What is Eruv?
Torah law forbids the transportation of objects in a public domain or between a private domain and a public domain on the Sabbath. The Torah rules include various definitions of what constitutes such areas: A private domain consists of an enclosed area and a public domain is a large enough open area regularly frequented by masses of people. Thus, there would be no Torah restriction on carrying in areas where there is no public domain. None of this is explicitly stated in the Torah, but the oral law (Torah she be’al peh) codifies these matters as Torah-derived (d’oreita) rules.
In order to insure that no one could mistakenly violate the torah-status laws for observing the Sabbath, the Rabbis (Chazal) greatly restricted the type of area in which carrying would be permitted.
The following are two relevant examples of such restrictions:
1) The area has to be completely enclosed with only very limited gaps
2) The area must be a single residence or under a single ownership.
In Lower Merion, we have enclosed the area indicated on the map that can be found by following the link on this website. Fences, walls, as well as natural boundaries such as steep hills, cliffs, and deep channels, can be utilized when constructing an Eruv.
The main structure that serves to enclose the area, however, is the “door frame” (tzrurat ha-petach.) This structure consists of two vertical posts (lehis) and a wire or string that spans from above the top of one to above the top of the other. In Lower Merion, a utility wire often functions as part of the tzurat hapetach, and the lehi consists of a plastic strip attached by the Eruv Corporation to the utility pole from under the wire to the ground.
The proper procedures for what constitutes a valid enclosure can become quite complex and there are various possible approaches; therefore it has become standard practice to choose an expert as supervising Rabbi (Rav Hamachshir) when a large area is to be enclosed. The enclosure is colloquially called the “eruv”.
To create the common ownership/residence, the Eruv Corporation has followed a two step procedure. The corporation rented from Lower Merion Township the entire area enclosed by the “eruv”. This act provides formal access to all public and non-Jewish owned properties, as well as to the property of any Jew who rejects participation in the “eruv.”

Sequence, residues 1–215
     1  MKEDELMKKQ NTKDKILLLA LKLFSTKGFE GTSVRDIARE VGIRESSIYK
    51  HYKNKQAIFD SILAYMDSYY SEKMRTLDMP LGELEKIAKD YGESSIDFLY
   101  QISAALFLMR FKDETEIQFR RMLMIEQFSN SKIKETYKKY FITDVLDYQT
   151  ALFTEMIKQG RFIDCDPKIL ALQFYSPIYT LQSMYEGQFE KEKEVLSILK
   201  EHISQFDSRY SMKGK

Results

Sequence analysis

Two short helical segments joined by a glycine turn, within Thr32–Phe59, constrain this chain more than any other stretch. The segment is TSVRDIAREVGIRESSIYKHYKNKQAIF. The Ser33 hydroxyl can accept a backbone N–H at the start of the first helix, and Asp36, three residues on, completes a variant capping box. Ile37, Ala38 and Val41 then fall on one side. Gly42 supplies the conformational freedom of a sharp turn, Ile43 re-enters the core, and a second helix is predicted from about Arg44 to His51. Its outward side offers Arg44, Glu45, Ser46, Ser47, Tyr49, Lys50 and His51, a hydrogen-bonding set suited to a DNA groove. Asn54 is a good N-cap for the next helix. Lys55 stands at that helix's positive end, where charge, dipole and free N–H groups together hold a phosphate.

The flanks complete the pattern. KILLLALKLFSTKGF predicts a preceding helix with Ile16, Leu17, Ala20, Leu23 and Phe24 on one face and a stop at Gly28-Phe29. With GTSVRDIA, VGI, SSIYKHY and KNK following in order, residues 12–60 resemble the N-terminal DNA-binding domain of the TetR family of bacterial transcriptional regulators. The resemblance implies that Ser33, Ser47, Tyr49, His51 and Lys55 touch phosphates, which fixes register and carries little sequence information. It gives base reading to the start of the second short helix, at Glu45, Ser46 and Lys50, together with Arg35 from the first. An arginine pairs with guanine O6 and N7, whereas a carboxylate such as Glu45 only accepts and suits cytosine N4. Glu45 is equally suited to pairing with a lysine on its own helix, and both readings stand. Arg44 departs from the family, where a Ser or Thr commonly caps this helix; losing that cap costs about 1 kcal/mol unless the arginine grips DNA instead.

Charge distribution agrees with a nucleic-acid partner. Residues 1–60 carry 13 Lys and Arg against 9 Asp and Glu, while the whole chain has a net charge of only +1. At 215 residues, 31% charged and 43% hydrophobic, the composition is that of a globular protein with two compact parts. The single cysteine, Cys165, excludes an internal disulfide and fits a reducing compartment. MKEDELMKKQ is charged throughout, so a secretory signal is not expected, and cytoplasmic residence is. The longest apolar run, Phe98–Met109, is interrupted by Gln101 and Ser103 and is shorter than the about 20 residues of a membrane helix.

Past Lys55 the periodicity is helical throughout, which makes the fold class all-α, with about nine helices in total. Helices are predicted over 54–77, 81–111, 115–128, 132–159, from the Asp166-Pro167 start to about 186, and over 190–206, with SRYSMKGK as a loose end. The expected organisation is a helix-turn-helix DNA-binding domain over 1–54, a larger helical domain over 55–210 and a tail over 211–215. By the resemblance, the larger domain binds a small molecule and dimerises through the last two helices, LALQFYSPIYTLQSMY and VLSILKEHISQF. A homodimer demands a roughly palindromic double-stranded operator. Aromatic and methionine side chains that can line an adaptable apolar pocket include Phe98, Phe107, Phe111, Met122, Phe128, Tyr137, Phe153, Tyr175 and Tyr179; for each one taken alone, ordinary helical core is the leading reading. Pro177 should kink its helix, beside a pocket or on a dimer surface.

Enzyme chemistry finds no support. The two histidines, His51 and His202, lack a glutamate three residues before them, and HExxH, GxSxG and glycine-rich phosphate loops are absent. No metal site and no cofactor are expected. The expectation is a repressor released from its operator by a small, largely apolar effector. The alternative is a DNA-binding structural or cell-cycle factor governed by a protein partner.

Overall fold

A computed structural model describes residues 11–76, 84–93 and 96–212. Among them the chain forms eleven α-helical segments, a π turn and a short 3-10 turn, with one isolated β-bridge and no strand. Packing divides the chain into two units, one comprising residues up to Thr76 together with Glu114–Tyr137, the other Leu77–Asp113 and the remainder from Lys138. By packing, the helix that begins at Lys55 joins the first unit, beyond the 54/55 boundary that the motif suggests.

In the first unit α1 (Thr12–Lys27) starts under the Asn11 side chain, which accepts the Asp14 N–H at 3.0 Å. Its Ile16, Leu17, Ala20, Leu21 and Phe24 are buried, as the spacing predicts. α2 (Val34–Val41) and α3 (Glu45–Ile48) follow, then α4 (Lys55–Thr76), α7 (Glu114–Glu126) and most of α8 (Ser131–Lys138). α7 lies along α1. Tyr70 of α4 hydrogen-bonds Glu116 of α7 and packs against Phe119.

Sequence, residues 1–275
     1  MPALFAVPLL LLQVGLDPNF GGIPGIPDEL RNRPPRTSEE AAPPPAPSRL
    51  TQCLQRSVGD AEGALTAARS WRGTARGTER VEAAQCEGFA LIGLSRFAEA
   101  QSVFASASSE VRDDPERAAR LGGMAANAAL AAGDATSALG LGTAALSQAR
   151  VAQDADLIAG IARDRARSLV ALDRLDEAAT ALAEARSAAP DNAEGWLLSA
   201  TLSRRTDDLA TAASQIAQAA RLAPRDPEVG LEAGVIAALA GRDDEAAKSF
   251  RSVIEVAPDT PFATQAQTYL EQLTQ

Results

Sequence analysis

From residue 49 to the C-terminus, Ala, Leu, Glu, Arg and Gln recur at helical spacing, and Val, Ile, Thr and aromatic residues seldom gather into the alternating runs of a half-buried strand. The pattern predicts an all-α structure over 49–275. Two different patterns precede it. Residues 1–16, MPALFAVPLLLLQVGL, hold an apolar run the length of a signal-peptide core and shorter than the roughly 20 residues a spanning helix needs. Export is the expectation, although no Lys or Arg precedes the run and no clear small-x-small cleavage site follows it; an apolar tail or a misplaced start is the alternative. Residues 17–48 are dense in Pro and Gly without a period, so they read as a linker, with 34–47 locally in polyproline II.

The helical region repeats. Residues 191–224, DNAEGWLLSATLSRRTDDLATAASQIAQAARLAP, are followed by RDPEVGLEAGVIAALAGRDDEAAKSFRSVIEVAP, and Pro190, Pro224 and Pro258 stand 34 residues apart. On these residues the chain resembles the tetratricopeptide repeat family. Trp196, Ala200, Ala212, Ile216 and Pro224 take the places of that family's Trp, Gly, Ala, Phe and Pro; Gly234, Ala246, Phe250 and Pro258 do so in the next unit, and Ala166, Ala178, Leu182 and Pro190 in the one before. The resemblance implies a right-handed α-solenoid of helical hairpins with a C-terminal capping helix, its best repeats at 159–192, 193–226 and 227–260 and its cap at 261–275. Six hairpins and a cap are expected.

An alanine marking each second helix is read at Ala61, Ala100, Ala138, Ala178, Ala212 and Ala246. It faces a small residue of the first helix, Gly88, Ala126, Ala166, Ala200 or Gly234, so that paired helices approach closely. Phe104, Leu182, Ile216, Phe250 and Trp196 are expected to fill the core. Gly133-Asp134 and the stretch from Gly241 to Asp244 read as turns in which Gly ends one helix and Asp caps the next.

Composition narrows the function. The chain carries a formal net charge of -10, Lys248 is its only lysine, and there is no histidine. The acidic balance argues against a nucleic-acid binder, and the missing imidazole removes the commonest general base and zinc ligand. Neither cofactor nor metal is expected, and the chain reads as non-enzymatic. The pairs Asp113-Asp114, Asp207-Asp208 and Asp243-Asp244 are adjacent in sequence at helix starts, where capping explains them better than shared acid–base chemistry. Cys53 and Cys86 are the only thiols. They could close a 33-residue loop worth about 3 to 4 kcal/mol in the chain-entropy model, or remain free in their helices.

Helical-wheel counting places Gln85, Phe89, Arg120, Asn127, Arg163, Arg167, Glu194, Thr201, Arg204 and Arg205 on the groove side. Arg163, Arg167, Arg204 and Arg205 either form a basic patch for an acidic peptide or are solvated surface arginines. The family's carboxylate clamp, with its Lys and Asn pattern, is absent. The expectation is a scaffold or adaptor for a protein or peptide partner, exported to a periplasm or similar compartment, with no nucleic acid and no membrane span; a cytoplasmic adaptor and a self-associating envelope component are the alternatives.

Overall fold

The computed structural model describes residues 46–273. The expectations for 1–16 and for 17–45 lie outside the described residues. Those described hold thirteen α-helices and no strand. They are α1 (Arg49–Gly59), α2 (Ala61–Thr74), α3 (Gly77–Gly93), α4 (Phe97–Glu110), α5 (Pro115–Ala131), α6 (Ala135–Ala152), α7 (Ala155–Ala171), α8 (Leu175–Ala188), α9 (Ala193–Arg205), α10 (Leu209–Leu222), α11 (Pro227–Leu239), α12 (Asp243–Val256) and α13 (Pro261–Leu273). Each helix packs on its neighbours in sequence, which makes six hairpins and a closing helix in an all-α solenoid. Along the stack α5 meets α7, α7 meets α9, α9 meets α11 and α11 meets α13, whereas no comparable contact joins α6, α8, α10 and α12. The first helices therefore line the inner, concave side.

In addition, we have designated food for a common meal for all the Jewish residents within the area of the “eruv” and placed it in a location accessible to all, in this case in a wooden box in the coat room of the Lower Merion Synagogue. This common meal—a box of matzot—combines all the Jews in the area as sharing residence in one common property, fulfilling the second requirement. This meal is called “eruvei chatzeirot”, combining of courtyards, hence the colloquial use of term “eruv” for the enclosure itself.
(In principle this food belongs to all and anyone is permitted to take it and consume it at any time. However, should you decide to exercise this right, please refrain from doing so during the period on Friday from sundown until the stars come out, and please let us know so we can replace the food in time for the next Shabbat.)
Some authorities, based on the Rambam, maintain that to make extensive use of tzurot ha-petach, there is an additional requirement called “omed m’rubeh”, meaning that the actual partitions on the boundary of the enclosed area, exclusive of “tzurot ha-petach”, must constitute at least half of each side. The significance of this requirement is that it renders
the enclosed area a Torah private domain even though carrying would still be rabbinically prohibited without the tzurot ha-petach to fill in large gaps. In modern practice this extra stringency is not generally considered essential. The Rav Hamachshir of the eruv of Lower Merion has ruled that our eruv as presently constructed does satisfy this further condition.
There are lots of disagreements on the subject of eruvin. Major halachic authorities have held widely differing positions even about such basic matters as what constitutes a public domain. For example, it was common in Europe before the holocaust to construct eruvin, and most towns and cities in Israel also have them. However, many important halachic authorities of the mid 20th century maintained that eruvin could not be properly constructed in most major metropolitan areas in North America.
The majority opinion began to shift during the latter part of the last century, and eruvin have become widely accepted and are now commonly found wherever there is a substantial observant Jewish community. The major halachic authority, R. Moshe Feinstein, indicated the proper etiquette regarding disagreements in his responsum on the possibility of constructing an eruv in Manhatten. In this extensive discussion, he concluded that an eruv cannot be constructed in Manhattan. He then wrote that if some other authority should rule differently, as has in fact happened, no one should protest (“ein limchot b’yadam” meaning “do not protest their action”), because they too are qualified to make halachic rulings (“ gam hem reuyim l’hora’ah”).